Opinion: What’s wrong with CenITex?

Antony Harrowell argues that Victoria’s CenITex needs a radical shakeup

Antony Harrowell. Image credit: Media Culture

Antony Harrowell. Image credit: Media Culture

There’s something to be said for starting from scratch rather than behaving like a MASH Unit patching wounded soldiers and sending them back into battle for more of the same, and for the Victorian government, it has a conflict injury in need of serious surgery.

This year marks the eighth anniversary of the Victorian government’s CenITex IT services entity, but CenITex is more of an embarrassment than a strategic decision deserving celebration.

Since CenITex’s inception it has been a cause of headaches, with operational failure, budget blow-outs, repairs tinkering at the edges with no strategy for resolution, and a government completely at a loss with what’s necessary to fix the problem. It has been a feeding ground for consultants and contractors, driven by commercial interests than successful outcomes.

CenITex is a sound concept if it were capable of delivering what it was meant to. But the problem is that it’s not.

CenITex’s misfortunes stem from its inception and the lack of a sound vision or goal, to enable all people to understand the big picture and buy in to the strategy. This failing has seen its implementation and continued mishandling become a train wreck.

Government is born from a place of arrogance, because government believes it knows best. Poor strategic thinking often leads to missed opportunities, and getting it right from the beginning is one missed opportunity that should have lead the way in innovation, and drive home the message Governments aren’t followers.

Why was the vision not to create a best of breed IT services entity that could in fact compete in the commercial world, becoming a profit making entity, with these profits being used to subsidise the state Government IT expenditure, leading to the ultimate goal of free IT services for the state government?

Governments are driven by inept public service bureaucracy compared to commercial smarts - the result is an abuse of taxpayer dollars wasted on an IT service provider failing to fulfil its promise.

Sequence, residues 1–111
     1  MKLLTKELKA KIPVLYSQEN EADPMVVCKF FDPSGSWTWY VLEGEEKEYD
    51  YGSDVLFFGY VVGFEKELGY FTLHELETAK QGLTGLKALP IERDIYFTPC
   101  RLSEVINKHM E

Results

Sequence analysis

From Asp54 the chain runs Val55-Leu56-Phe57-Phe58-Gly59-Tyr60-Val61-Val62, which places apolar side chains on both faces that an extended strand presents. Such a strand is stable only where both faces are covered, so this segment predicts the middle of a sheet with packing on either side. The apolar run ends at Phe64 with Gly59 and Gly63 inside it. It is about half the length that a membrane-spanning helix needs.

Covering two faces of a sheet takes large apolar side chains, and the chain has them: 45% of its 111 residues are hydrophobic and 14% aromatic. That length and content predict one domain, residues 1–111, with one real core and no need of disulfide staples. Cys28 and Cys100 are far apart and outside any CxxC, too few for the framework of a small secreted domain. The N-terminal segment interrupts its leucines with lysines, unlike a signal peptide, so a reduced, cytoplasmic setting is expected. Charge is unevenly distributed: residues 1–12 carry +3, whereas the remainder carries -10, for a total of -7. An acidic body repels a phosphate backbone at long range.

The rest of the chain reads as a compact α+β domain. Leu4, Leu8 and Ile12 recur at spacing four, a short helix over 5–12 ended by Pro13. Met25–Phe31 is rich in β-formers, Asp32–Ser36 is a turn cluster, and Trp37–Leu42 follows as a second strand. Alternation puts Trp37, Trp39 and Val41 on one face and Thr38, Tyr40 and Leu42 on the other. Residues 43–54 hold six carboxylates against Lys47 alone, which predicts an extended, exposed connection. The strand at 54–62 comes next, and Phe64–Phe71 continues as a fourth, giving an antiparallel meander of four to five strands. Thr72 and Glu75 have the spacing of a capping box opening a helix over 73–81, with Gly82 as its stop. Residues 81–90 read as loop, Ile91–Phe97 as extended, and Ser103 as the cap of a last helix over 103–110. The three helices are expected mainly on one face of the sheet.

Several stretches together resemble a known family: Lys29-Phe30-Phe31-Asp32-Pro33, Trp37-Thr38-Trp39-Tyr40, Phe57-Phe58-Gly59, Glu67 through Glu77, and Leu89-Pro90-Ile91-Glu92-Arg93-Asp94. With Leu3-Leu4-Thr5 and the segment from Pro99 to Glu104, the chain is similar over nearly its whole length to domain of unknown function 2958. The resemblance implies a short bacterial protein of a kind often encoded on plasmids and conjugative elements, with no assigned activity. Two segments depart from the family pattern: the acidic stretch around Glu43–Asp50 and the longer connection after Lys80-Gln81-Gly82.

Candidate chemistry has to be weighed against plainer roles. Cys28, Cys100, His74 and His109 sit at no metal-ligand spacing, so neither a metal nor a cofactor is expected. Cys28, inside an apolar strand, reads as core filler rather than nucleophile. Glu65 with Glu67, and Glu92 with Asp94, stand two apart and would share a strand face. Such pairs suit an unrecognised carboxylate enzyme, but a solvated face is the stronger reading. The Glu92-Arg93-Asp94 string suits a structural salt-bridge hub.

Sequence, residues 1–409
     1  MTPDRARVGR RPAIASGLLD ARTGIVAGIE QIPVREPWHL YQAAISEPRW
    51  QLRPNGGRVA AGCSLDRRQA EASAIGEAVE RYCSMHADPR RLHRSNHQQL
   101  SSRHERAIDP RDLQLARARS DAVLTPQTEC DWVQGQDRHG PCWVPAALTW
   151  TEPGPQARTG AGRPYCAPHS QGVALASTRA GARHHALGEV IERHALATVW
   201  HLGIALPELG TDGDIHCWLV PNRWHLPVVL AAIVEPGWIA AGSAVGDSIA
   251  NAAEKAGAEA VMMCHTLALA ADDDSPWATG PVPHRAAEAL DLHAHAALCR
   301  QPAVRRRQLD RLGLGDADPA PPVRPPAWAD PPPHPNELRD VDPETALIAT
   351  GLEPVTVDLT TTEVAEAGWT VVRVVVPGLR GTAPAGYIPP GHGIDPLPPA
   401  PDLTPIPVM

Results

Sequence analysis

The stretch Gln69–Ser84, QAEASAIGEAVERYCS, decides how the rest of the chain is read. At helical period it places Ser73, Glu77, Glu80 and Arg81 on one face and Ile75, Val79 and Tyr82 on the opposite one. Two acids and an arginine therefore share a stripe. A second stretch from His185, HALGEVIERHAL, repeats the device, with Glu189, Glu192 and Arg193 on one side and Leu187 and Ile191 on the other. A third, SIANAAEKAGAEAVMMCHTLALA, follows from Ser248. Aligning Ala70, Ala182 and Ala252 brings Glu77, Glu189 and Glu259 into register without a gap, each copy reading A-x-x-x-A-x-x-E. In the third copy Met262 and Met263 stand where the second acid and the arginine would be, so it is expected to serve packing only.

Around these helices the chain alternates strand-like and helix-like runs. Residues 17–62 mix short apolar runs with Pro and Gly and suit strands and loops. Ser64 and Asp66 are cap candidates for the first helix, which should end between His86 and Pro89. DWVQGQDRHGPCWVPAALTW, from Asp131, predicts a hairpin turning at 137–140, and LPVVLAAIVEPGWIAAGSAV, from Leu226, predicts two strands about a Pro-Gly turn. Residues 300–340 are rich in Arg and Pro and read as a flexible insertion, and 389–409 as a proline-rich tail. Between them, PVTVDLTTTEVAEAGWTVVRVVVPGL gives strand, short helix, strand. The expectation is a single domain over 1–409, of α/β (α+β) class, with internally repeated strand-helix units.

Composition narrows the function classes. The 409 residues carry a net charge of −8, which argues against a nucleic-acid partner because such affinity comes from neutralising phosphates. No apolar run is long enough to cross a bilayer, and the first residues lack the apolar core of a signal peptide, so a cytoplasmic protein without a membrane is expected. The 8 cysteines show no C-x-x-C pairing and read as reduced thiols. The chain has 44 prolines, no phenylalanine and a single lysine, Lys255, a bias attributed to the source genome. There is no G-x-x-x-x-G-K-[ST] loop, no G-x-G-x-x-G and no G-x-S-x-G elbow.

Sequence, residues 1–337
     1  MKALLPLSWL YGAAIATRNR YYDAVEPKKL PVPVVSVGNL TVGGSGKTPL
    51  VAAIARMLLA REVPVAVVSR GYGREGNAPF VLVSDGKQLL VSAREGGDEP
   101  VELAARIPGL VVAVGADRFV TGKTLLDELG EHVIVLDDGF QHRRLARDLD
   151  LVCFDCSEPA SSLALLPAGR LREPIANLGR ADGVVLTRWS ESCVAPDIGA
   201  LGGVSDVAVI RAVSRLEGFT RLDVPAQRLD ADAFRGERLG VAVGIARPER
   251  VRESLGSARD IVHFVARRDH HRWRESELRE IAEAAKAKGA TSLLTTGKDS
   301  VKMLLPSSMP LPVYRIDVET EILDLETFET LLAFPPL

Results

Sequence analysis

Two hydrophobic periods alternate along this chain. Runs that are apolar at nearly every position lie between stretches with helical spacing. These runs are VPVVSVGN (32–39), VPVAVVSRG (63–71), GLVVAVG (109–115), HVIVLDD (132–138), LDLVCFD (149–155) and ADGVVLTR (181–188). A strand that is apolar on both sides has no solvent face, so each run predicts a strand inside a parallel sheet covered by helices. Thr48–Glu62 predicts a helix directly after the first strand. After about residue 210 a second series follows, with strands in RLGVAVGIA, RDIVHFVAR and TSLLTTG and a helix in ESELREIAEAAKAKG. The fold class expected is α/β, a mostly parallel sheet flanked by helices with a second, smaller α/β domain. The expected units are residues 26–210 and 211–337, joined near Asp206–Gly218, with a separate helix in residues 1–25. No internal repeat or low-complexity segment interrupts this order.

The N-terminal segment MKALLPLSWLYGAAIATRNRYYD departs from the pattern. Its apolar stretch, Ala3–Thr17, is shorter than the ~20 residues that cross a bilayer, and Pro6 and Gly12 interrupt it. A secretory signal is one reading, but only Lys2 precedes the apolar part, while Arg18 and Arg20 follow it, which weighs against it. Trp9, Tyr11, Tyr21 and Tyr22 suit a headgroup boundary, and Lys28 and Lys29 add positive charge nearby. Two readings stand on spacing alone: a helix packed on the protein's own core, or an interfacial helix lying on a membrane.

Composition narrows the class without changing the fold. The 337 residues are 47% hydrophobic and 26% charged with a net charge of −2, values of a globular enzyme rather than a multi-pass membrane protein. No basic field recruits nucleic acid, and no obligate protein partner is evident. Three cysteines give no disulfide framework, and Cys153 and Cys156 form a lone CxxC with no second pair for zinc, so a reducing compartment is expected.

CenITEx’s current approach is to act as a services broker; yet a failure to recognise it needs to behave commercially repeatedly hinders it.

What is CenITex’s objective? Is it just for government departments or a wider base? What advantage does it have over other entities? Has the Victorian government employed or seconded the best ICT procurement personnel from within or from external entities? No one can really say.

What is abundantly clear is the government’s doubt about its own ability to manage its way out of this mess.

Mismanagement often provides luck in ways one could never expect, and luck has served the Victorian government well in this instance.

If it were not for the ineptness of some within the Victorian government who failed to secure the sale of CenITex’s services in 2014/2015, the state government would now be bound to multi-year contracts and pandering to whim of multiple large multinationals.

Read more: Transformed CenITex delivering wins for its customers, CEO says

Looking in from outside and with all the supposed intellectual grunt the government employs, why has no one thought outside the dots and considered the ‘what if’?

What if rather than attempting to sell off CenITex, the state government took the complete opposite approach and it acquired an Australian (or international) ICT company to provide services? It’s a question that should have been considered and adopted and for very good reason.

CenITex’s establishment was an exercise in insularity based on arrogance, ignorance and inexperience. CenITex was setup as an ICT services provider with no explanation why the government chose to adopt such a strategy. The value it expected to gain has and could never be measured from its model. But what it refuses to admit to that it lacked a clear direction and supporting mandate.

Mistakes are often made, but the ability to remedy mistakes marks the difference between success and failure. There have been many battles lost to date, but the war is by no means over. The Victorian government should objectively assess why CenITex was failing, draw breath, take stock of the current situation, modify the plan of attack, ready the troops and charge forward to victory.

The question is do they have the drive, knowledge and passion to push the boundaries and make it happen. Imagine a government initiative being recognised as best of breed!

Antony Harrowell is an Australian business solutions and technology advisor. Harrowell is founder and CEO of Huxxer Corporation. He currently consults to some of Australia and the Asia Pacific’s major financial institutions.

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